Hello. For those of you who may not know me personally, I look forward to meeting you. For those I have had the privilege of working with and becoming acquainted with, thank you for your friendship. Sharing with you a few thoughts today is a privilege, although it’s very different than I ever imagined. A virtual speech? Very different than in the past.
Thank you, Tracy Johnston, for your service as President this past year and congratulations on a job well done. Since we are virtual today, Kim Portik is going to present Tracy with her plaque, so again, thank you, Tracy.
ACRA is 70 years old this year! What a tremendous milestone! ACRA was formed in 1950 when court reporters from around the state felt the need to have their own association. It was initially called ASRA, the Arizona Shorthand Reporters Association. A few years later the name was changed to ACRA, as it has remained ever since. The ACRA has a rich history of many notable court reporters that have served on the board of directors, chaired committees, served on the national level, and much more.
The issues that court reporters faced 70 years ago are very different from the issues that we are facing today, but what remains the same is the need for an association to advocate for the court reporters of Arizona. What still remains is the perseverance, dedication, expertise, and wealth of knowledge we bring to the art of capturing the spoken word. The Arizona Court Reporters Association has been the largest professional association of court reporters in the state of Arizona, advocating for the integrity of the profession of “Keeping the Record.”
Our mission is to educate and inform the public, reporters, and related legal professions about all facets of court reporting. ACRA has enjoyed a respected history of being a leader in pursuing and supporting all appropriate measures that preserve and promote Arizona certified reporters.
As guardians of the record, we are “essential.”
Thank you for joining us today even though it’s virtual. I learned long ago that you can tell what is important to a person by how they spend their time and how they spend their money, so it is evident that you hold your career in high regard, as you are spending your time and money to participate with us today. To you, I say thank you for choosing to be the best you can be, and thank you for supporting ACRA. Without member support, ACRA would cease to exist. If you have colleagues who are not members of ACRA, please invite them to join with us. With the perceived shortage of reporters, it is more important than ever that we work together to promote the profession of court reporting.
If someone had told us a year ago that most of us would be doing depos and holding court hearings remotely and virtually, it would have been hard to believe, yet we are doing it, and as always, have adapted to our current environment and are thriving. Time and time again, we have shown that we can rise to the occasion and provide the expertise and skill to ensure an accurate record. We support each other and learn from each other and will continue to do so. We still CONTINUE to be the gold standard for a verbatim record.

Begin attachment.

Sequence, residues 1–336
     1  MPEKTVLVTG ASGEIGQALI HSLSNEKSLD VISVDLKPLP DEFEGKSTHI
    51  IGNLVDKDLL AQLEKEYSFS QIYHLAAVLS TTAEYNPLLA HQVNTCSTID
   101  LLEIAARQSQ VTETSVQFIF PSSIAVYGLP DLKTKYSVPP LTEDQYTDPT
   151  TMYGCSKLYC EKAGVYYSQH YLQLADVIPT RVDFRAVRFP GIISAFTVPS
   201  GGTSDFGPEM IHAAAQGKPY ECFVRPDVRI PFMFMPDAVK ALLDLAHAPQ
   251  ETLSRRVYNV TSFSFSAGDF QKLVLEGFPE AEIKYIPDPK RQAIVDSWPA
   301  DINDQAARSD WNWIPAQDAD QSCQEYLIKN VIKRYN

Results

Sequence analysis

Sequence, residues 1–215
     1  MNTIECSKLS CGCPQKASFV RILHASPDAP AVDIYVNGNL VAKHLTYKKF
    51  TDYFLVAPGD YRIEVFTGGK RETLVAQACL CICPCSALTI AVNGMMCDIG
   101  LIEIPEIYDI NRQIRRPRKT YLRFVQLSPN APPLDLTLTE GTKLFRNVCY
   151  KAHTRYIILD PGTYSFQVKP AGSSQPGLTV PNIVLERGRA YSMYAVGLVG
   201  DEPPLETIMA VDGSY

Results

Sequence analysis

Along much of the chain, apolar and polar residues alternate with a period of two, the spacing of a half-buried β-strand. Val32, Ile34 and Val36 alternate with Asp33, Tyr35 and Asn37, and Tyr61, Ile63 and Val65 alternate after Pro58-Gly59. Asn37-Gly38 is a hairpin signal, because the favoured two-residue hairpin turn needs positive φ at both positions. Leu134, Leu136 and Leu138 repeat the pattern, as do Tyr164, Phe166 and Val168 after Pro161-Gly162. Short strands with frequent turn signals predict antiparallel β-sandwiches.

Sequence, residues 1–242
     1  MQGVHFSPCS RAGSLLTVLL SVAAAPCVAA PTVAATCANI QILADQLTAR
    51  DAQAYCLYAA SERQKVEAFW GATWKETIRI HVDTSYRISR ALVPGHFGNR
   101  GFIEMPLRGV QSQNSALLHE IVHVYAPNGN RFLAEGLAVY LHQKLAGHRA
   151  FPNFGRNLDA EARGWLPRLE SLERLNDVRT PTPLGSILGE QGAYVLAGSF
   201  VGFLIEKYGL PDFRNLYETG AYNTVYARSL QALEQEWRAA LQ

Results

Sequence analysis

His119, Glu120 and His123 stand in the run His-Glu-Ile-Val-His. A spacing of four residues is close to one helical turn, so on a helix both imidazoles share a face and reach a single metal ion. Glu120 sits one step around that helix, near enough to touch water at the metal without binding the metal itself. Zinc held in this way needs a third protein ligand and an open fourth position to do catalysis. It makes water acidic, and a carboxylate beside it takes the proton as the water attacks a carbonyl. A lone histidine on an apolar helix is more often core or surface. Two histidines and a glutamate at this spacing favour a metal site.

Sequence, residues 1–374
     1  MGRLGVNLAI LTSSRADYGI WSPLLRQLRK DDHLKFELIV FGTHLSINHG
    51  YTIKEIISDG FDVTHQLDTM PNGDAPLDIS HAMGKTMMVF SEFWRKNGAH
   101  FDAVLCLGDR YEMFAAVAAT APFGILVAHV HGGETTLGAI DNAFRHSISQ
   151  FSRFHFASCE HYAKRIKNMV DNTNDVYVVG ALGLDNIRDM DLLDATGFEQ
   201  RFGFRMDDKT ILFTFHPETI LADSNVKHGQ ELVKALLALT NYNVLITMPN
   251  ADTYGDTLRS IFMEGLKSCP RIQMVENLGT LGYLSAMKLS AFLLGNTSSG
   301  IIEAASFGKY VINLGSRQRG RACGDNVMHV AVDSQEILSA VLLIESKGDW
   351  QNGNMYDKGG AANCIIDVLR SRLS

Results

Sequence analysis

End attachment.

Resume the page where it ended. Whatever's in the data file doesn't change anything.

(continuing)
When I joined the ACRA board many years ago, it was an eye opening experience to get a glimpse of how much work goes on behind the scenes. It takes a lot of time and energy to provide members with current updates in technology, changes in local code, changes in the marketplace, watch the legislation and court rules that are proposed, attend meetings, produce the ArizoNotes newsletter, organize seminars, monitor the Request a Reporter program, and much more, as well as providing an open and friendly environment to network and collaborate with the top professionals in the state.
There have been so many dedicated and skilled reporters throughout my career that have mentored and encouraged me. They range from firm owners and school instructors to colleagues at the courthouse, as well as members of the board from past and present from all over the state who have contributed so much of their time and talent. They have each taught me what it means to give back to the court reporting community, and I am thankful for their examples.
There are many of you who also have much to give to the court reporting community. We need you. We need your ideas and your participation to preserve our profession far into the future. If you would like to play a more active role and become involved, I invite you to do so. Our organization is strong because we have always had strong members that rise to the occasion when called upon.
You are the future of this association. As we continue to face the challenges that come our way, ACRA will continue to be a strong supporter and ally for ALL court reporters of Arizona; freelance, official, CART, captioners, or any other role that we fill. If we continue to work together for the good of our “essential” profession, we will continue to succeed and continue to serve the citizens of Arizona as “Guardians of the Record.”
Thank you, and remember to take care of yourself and your family in this unique and challenging time.